Grasslands dominated by taxa using the C4 photosynthetic pathway first developed on several continents during the Neogene and Quaternary, long after C4 photosynthesis first evolved among grasses. The histories of these ecosystems are relatively well-documented in the geological record from stable carbon isotope measurements (of fossil vertebrate herbivores and paleosols) and the plant microfossil record (pollen and/or phytolith assemblages). The distinct biogeography and ecophysiology of modern C3 and C4 grasses have led to hypotheses explaining the origins of C4 grasslands in terms of long-term changes in the Earth system, such as increased aridity and decreasing atmospheric pCO2. However, quantitative proxies for key abiotic drivers of these hypotheses (e.g., temperature, precipitation, pCO2) are still in development, not yet widely applied at the continental or global scale or throughout the late Cenozoic, and/or remain contentious. Testing these hypotheses globally therefore remains difficult. To understand better the potential links between changes in the Earth system and the origin of C4 grasslands, we undertook a global-scale comparison between observational records of C4 plant abundances in Miocene and Pliocene localities compiled from the literature and three increasingly complex models of C4 physiology, dominance, and abundance. The literature compilation comprises > 2,600 δ13C-values each of fossil terrestrial vertebrates and of paleosol carbonates, which we interpret as primarily proxies for the abundance of C4 grasses, based on the modern contribution of C4 grasses to terrestrial net primary productivity. We forced the vegetation models with simulated monthly climates from the HadCM3 family of coupled ocean-atmosphere general circulation models (OAGCMs) over a range of pCO2-values for each epoch to model C4 dominance or abundance in grid cells as: (1) months per year exceeding the temperature at which net carbon assimilation is greater for C4 than C3 photosynthesis (crossover temperature model); (2) the number of months per year exceeding the crossover temperature and having sufficient precipitation for growth (≥25 mm/month; Collatz model); and (3) the Sheffield Dynamic Global Vegetation Model (SDGVM), which models multiple plant functional types (PFTs) (C3 and C4 grasses, evergreen, and deciduous trees). Model-data agreement is generally weak, although statistically significant for many comparisons, suggesting that regional to local ecological interactions, continent-specific plant evolutionary histories, and/or regional to local climatic conditions not represented in global scale OAGCMs may have been equally strong or stronger in driving the evolution of C4 grasslands as global changes in the Earth system such as decreases in atmospheric pCO2 and late Cenozoic global cooling and/or aridification.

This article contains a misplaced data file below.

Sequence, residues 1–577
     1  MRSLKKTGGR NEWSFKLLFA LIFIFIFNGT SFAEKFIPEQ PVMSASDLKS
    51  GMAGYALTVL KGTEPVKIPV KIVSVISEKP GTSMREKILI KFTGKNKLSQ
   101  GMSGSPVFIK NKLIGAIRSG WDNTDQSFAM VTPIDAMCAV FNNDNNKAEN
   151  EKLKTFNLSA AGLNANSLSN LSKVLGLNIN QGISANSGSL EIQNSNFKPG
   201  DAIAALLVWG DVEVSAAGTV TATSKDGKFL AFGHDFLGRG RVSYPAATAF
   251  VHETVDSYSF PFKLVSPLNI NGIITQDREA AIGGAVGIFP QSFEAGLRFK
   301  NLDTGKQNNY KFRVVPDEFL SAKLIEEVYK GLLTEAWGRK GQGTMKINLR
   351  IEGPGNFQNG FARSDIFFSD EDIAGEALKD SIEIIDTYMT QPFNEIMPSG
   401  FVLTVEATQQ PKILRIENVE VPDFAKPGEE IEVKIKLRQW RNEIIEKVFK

Bibliographical noteFunding Information:
We thank Ben Passey for sharing his initial work on the biomineral isotope data compilation. We also thank the other members of the NESCent C4 Grasslands Working Group for valuable discussions that helped shaped this project: T. Michael Anderson, William Bond, Erika Edwards, Elisabeth Forrestel, William Hoffmann, Ben Passey, Nicolas Salamin, and Melinda Smith. A grant from the National Evolutionary Synthesis Center (NESCent; funded by NSF EF0905606) to CO, CAES, and CJS funded the Origins of C4 grasslands: a new synthesis of phylogeny, ecology and paleobiology working group that led to this work.
© 2018 Fox, Pau, Taylor, Strömberg, Osborne, Bradshaw, Conn, Beerling and Still.
- C grasses
- Carbon isotopes
- Model-data comparison
- Vegetation models